There were some other places he wanted to show me but we kinda ran out of time.  We went driving to a mall among some other places with his foster mom, a really lovely woman who is apparently controlled by her husband who is crazily suspicious about her whereabouts and doings.  My heart ached for her as in the US we call this "abusive" -- but she had married him when she already had two daughters and could not afford to raise them as a single parent, so she was kind of trapped in the situation by her financial dependence.  I tried to tell her some nice things translated through Andi, as she only speaks Indonesian and Hokkien.  Most of the people of Chinese origin here speak Hokkien since I guess they came from the Fujian region, but really in general you would be surprised by the number of languages most people here speak.  Americans are damned spoiled by this English-dominated world!  Anyway, I was starting to realize that while most people think Medan is an absolute armpit, there are actually some very cool things to recommend it (other than the traffic jams) especially if you know someone there!   Yay for Couchsurfing!

Andi and Nur took me to the airport.  I later regretted having had to cut short my time with them, because as it turned out I was way early and didn't need to be there that early by any means and then had to kill some time.  I was over on my baggage, but the nice AirAsia personnel looked the other way and lied and said it was 15 kg on the baggage sticker.

An hour later I was back in Kuala Lumpur -- relative civilization, away from the whole Sumatran earthquake thing, but you know what?  Sumatra was really really amazing, despite the hardships!  I heartily recommend it to all intrepid travelers.  The people I met were absolutely wonderful and generous and kind and caring.  Once again, here's a plug for donating some money to the victims of the earthquake, who have absolutely nothing.  We are so lucky in our lives and don't even realize it most of the time. 

Volcano Climbing and Karonese Culture...

In my last entry, I wrote about Tangkahan.  It was great, especially the elephant part of course, but I was a bit lazy and missed the hot springs and butterfly area, so may put it on my list of places to go back to ...

My next plan was to get from there to Berestagi.  Because of the crappy roads in Sumatra, the best way is not direct -- one must go back to Medan and then from there to Berestagi.  I was told there were only 3 busses a day so I'd best be on the 0730 am bus.  Mega made sure I got a motorcycle ride to the bus.  I boarded it ... and quickly realized it was just me and about 30 schoolchildren, average age 8.   They were in hysterics, they were so excited to see a bizarre-looking foreigner in their small home village!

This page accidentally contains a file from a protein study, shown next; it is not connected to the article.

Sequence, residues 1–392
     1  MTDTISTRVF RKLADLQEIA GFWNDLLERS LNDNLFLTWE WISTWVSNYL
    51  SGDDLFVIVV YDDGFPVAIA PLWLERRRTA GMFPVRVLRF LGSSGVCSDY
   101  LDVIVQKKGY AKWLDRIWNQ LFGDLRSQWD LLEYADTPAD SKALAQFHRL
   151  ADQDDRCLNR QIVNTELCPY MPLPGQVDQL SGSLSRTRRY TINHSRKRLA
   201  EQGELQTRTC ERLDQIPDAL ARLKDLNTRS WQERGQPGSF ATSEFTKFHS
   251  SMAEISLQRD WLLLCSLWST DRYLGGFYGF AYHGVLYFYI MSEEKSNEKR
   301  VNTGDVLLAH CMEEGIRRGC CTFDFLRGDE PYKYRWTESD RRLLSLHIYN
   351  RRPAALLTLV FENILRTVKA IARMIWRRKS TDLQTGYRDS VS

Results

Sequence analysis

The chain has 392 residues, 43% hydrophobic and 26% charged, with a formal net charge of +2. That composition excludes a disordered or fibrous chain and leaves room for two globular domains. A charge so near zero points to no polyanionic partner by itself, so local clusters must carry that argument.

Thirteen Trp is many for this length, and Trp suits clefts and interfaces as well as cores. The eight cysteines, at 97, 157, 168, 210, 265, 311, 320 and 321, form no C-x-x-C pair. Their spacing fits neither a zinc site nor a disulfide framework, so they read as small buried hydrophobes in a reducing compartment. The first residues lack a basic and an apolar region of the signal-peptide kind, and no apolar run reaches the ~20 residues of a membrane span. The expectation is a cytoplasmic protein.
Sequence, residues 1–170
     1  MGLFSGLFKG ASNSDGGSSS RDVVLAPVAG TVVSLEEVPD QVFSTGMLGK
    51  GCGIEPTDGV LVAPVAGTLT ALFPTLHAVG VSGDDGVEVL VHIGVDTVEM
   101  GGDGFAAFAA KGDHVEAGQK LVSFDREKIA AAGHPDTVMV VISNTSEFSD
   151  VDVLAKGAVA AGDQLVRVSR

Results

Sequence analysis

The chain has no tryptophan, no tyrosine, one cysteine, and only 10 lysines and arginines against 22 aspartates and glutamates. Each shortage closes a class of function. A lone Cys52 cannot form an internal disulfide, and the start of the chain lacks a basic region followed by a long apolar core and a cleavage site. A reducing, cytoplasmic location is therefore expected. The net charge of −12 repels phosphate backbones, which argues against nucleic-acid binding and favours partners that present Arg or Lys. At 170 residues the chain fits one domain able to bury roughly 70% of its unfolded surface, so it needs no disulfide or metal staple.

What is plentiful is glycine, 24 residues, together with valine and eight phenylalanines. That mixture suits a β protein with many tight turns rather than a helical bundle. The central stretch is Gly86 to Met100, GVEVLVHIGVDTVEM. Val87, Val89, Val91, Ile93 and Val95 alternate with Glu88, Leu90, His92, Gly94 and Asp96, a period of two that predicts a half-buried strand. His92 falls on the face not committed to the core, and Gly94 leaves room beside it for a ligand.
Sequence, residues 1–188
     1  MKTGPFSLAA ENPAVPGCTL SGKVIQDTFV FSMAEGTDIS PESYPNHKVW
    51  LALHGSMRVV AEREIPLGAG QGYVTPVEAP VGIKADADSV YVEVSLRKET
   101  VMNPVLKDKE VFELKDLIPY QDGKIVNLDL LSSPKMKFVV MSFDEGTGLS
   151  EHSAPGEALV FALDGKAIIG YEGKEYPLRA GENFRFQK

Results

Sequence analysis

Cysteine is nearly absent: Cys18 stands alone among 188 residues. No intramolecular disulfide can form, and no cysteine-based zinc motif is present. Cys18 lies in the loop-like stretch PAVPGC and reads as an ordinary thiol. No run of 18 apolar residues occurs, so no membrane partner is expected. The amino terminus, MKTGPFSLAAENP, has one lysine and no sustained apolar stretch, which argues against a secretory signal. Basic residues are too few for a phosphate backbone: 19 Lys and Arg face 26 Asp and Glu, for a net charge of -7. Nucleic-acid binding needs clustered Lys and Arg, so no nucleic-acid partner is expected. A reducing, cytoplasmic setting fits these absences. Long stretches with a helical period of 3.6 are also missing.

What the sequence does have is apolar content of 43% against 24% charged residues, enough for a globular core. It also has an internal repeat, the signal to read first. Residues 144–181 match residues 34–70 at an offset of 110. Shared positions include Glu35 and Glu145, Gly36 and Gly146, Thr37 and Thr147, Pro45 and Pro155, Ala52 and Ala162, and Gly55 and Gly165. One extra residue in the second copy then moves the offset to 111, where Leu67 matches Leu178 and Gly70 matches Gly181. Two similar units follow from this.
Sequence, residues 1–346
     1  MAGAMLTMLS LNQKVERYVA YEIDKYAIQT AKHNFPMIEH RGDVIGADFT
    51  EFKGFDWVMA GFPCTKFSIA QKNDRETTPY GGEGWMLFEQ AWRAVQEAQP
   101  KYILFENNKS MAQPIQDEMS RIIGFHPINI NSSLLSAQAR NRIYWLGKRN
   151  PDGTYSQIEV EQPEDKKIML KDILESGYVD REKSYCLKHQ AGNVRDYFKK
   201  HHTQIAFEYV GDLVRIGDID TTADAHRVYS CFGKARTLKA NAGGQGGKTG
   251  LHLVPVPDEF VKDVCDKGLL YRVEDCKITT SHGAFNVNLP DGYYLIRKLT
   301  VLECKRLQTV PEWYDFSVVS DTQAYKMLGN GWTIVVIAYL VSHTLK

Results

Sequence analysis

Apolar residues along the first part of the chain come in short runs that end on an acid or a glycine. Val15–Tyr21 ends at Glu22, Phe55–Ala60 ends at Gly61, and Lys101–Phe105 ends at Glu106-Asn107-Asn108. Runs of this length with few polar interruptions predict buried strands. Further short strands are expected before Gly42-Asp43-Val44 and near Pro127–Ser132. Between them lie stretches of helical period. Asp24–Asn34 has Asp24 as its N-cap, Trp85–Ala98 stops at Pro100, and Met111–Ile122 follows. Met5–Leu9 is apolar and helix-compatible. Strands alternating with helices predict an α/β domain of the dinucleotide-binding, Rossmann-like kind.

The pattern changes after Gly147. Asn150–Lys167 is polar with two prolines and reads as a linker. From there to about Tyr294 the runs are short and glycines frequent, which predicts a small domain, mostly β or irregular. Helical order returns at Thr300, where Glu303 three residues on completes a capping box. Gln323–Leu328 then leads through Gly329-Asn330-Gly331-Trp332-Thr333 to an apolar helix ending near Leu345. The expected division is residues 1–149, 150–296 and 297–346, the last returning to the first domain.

(Did I mention the approximate population of Tangkahan is 100 people and 7 elephants?)  The kids surrounded me on the bus and just about forced me to take photos of them and show them their photos.  Not an area that has made it to the digital age ... given the presence of electricity only 5 hrs a day in the evening and such.  Anyway they were delighted, and kept me company on the bus for the first half hour after which point they got off to attend school and some adults got on.  The bus next made two lengthy stops in the middle of nowhere, the first time for no apparent reason, and the second because the bus drive had some friends he wanted to chat with.   Then the third lengthy stop was due to getting trapped behind a palm oil truck on the roads from hell.  Big business reigns, so the bus had to drive backward to make way for the palm oil truck.




A short 5.5 hrs later, we arrived back in Medan.  The total distance covered was probably less than 100 miles, who the hell knows.  The good news, however, is that the bus people took me directly to the bus leaving for Berestagi and even transferred my backpack.  Full service.  The minivan going to Berestagi was tiny and cramped and of course had the typical 90% of adults smoking in it, but we arrived there in just 2 hours and I checked into the Wisma Sibayak Guesthouse.  I decided I could tolerate the room with the bathroom next to it instead of inside of it, for $5 USD a night.  The air was markedly, markedly cooler in Berestagi -- it's at an elevation of 1400 meters and very very green and agricultural.  Oh, did I forget to mention -- Smiley met me at the bus and took me everywhere on his motorbike.  Smiley was referred to me by Andrea from Bukit Lawang.  When I asked her how I'd recognize him, she said "Oh, you'll know" --



he is well distinguished by his huge smile and his extremely lengthy Rasta dreadlocks and his English pronunciation which seems to have been learned in Jamaica though he's never left Indonesia.  A super friendly warm guy.  He took me around in search of an ATM that would give me more than $120 or so in cash.  It was not to be found but after checking 8 different ATMs (hey!  at least there ARE ATMs here!) I decided to take the $120 in Rupiah and shut up.